Wondering what wines pair best with your turkey dinner? Whether you’re hosting Thanksgiving dinner or simply enjoying a turkey sandwich, or turkey meatballs, these are the best turkey wine pairings.
Wondering what kind of wine goes well with turkey? I’ve got you covered! Just in time for the holiday season… So, you can find the perfect wine to compliment your Thanksgiving feast.
Here are some of my favorite turkey pairing options.
First thing’s first…
ℹ️ What Wine Goes with Turkey – Red or White?
The answer is – turkey pairs well with both! It depends on what type of wine you like, and the type of turkey that you’ll be enjoying.
For example, a smoked turkey is delicious with Pinot Noir. While a turkey prepared with a sweet glaze, is delicious paired with dry white wines like Pinot Gris or Chenin Blanc. Dark turkey meat is best with red wines. While white meat turkey is a perfect match for white grape varieties.
🍷 What Red Wine Goes Well With Turkey?
Red wine lovers have several options for pairing with their Thanksgiving turkey:
Pinot Noir is one of the most food-friendly red wines out there. This low tannin, fruity wine is delicate enough to not overpower the food that you’re eating it with and it makes a great match for the thanksgiving table. It’s particularly tasty paired with dark meat turkey with cranberry sauce, because Pinot Noir has an earthy quality to it and many have notes of cranberry.
Look for New Zealand Pinot Noir or a Pinot from the Willamette Valley. Other lighter reds like a beaujolais nouveau, GSM blend or Barbera work well here to.
old vine zinfandel Zinfandel wine has fruity flavors, notes of black pepper, and a silky characteristic to it that helps to tone down the smoky flavors in a smoked turkey.
Rosé wine has a good amount of acidity to it that stands up to rich dark meat turkey.
🥂 What Kind of White Wine Goes With Turkey?
Look for affordable bottles like cava or prosecco. They’re fun wines that bring a feeling of fancy. It’s always a great thanksgiving wine.
Similar to chardonnay, Chenin Blanc has a bright acidity and notes of green apple that mingles really nicely with a turkey that has a fruit glaze. Another great option would be a full-bodied white wine like a white burgundy.
Sauvignon Blanc has a crisp acidity and bold citrus flavors that mingle really nicely with white meat turkey.
Pinot Gris (or Pinot Grigio) is a delicious wine paired with your thanksgiving meal. It’s a dry wine with a high acidity that cuts through the richness of the side dishes that are often served on thanksgiving day.
Dry Rieslings are an excellent choice for pairing with a wide variety of turkey dishes.
Sweet whites like White Zinfandel, Moscato, and Riesling work well with your holiday dinner and are a good option for serving with pumpkin pie or pecan pie.
🍴 What is traditionally served with turkey?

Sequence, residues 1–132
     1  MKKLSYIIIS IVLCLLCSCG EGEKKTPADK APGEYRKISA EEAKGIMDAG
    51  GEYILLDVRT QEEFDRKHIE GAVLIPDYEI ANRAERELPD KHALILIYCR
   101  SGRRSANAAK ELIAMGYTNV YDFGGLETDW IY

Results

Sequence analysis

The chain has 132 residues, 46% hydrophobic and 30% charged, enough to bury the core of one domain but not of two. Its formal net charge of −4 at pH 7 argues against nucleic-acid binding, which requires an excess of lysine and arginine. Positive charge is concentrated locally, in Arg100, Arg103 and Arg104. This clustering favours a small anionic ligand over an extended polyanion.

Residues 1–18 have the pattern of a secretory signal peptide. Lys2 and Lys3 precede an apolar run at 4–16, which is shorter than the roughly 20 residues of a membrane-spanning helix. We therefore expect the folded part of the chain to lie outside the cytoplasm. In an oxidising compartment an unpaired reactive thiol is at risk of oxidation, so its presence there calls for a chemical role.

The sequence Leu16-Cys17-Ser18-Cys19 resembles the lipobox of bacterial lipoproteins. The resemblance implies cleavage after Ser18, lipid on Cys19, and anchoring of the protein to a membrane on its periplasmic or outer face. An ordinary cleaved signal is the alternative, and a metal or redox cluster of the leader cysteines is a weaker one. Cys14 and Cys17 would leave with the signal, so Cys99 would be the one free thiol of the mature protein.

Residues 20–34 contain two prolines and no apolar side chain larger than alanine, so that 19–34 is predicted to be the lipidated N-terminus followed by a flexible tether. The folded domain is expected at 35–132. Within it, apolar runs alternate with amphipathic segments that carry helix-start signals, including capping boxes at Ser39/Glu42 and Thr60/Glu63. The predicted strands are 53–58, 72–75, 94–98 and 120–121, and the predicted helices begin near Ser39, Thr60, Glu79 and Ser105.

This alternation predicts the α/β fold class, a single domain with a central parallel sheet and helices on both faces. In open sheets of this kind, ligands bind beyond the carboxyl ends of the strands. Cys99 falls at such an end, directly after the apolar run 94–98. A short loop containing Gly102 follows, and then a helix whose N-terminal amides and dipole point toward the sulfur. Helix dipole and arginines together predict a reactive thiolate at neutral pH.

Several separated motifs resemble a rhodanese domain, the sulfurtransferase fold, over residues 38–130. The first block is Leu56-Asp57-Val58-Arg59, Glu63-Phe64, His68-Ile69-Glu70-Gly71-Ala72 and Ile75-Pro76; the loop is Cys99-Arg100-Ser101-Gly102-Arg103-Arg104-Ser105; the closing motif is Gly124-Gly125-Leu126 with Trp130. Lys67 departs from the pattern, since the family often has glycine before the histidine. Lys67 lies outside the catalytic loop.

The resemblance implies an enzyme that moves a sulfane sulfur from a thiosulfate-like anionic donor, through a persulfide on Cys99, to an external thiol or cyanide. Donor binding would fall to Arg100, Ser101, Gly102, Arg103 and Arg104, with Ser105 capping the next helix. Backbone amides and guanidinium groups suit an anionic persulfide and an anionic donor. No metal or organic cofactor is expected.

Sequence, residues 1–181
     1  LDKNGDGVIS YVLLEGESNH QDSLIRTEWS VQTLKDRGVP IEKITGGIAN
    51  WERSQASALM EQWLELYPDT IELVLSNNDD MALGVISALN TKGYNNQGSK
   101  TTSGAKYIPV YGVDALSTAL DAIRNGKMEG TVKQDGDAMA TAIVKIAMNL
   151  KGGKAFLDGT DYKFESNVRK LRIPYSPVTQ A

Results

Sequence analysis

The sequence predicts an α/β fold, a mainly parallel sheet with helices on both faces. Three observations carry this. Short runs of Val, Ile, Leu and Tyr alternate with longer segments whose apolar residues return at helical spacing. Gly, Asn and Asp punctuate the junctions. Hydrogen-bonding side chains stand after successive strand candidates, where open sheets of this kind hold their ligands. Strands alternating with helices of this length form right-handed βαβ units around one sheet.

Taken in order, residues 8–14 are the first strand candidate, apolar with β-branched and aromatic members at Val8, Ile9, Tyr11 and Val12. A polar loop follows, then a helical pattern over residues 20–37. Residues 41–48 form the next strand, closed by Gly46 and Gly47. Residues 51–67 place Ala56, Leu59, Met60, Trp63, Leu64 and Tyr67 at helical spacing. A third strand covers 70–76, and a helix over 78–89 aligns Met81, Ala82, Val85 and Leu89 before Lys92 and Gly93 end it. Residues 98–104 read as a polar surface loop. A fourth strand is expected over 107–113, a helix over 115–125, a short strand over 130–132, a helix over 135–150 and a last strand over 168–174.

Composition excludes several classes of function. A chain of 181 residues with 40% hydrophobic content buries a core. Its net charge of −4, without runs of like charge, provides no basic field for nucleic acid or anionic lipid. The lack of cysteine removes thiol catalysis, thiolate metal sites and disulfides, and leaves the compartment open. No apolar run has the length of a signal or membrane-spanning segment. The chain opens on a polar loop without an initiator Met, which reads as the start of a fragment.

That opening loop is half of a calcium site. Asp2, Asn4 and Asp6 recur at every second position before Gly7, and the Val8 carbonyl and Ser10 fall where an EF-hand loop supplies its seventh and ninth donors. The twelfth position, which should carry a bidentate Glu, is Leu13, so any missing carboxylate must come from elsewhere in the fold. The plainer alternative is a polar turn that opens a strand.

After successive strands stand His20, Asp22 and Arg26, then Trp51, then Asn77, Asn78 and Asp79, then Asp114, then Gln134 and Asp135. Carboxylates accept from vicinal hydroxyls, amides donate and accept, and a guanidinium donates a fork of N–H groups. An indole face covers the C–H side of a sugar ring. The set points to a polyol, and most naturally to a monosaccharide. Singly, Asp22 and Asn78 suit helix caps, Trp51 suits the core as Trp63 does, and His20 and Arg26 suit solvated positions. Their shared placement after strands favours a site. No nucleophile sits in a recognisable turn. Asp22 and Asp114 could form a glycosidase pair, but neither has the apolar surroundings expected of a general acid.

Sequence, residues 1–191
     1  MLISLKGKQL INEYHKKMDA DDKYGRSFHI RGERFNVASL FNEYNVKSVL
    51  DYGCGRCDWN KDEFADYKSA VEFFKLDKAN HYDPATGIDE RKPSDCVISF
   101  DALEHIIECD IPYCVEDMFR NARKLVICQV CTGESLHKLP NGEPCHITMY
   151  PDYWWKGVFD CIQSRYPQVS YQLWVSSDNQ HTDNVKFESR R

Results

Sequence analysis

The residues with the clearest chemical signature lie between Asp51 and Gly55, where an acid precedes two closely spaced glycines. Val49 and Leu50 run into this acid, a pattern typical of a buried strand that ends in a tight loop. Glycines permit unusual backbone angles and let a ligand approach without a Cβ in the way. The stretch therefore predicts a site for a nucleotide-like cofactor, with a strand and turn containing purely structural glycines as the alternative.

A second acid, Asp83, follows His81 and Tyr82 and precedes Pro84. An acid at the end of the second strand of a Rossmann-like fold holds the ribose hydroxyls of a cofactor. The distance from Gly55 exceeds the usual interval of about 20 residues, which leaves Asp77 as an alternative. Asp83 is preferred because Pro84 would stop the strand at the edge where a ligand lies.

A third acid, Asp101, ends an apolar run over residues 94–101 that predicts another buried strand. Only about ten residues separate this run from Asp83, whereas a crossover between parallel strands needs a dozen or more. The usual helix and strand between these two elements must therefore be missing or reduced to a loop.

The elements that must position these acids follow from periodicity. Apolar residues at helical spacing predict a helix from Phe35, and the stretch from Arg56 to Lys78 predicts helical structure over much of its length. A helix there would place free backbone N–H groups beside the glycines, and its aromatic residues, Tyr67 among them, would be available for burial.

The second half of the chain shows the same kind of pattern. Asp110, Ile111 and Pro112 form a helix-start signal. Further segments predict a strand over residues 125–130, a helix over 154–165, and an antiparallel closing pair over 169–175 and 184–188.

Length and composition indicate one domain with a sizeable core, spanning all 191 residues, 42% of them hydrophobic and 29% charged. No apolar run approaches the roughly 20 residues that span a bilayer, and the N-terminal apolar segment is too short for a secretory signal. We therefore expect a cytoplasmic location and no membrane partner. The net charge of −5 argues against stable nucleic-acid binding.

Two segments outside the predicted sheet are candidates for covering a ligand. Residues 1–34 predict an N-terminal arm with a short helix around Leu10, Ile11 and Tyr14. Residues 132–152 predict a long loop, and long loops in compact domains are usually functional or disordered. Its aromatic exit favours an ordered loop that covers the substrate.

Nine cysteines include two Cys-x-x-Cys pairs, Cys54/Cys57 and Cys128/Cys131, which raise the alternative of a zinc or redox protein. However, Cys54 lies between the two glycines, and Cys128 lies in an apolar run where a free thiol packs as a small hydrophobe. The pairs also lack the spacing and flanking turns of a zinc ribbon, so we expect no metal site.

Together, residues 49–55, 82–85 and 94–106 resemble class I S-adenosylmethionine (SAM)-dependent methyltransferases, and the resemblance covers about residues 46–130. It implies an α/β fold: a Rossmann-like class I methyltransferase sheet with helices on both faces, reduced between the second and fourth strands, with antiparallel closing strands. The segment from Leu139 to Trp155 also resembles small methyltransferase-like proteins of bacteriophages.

- I tend to serve my turkey with some mashed potatoes or duchess potatoes. On the side, I like to serve some herb-infused stuffing, glazed carrots, roasted brussels sprouts or a fennel & celery salad.
- But, the most important accompaniment (as always) is the wine!
Please feel free to take these wine pairings suggestions with a grain of salt. Enjoy what you like best! You can pair your Thanksgiving menu with a Cabernet Sauvignon if that’s what you enjoy. The only way to find out the very best pairing for yourself is to taste different wines, and experiment.
Did you try any of these Wine Pairings with Turkey?
If you tried any of these turkey wine pairings, I would love your feedback! Also, be sure to snap a picture of your pairing and share it with me on Instagram using the hashtag #platingsandpairings and tagging me @platingsandpairings.
🍽 What to Serve with Turkey
✔️ More Wine Pairings Advice
- Wine Pairings for Pasta
- Wine Pairings for Steak
- Wine Pairings for Pork Chops
- Wine Pairings for BBQ
- Wine Pairings for Sushi
- Wine Pairings for Ham
The BEST Wine with Turkey
- In a bowl, combine the garlic, mustard, thyme, salt, pepper, olive oil, and lemon juice. Loosen the skin from the turkey breast and smear half of the mixture under the skin. Smear the remaining mixture on the outside of the turkey breast. Place in refrigerator, uncovered, overnight.
- Preheat oven to 450 degrees.
- Place the turkey on a rack, in a roasting pan, and pour the wine and water into the bottom of the pan.
- Roast the turkey for 30 minutes. Reduce heat to 400 degrees; and roast for an additional 45 minutes – 1 hour or until thermometer inserted into thickest part of the breast reaches 165 degrees. If the skin is over-browning, cover the breast loosely with aluminum foil. When the turkey is done, add the butter to the pan, cover with foil and allow it to rest at room temperature for 15 minutes. Slice and serve with the pan juices spooned over the turkey breast.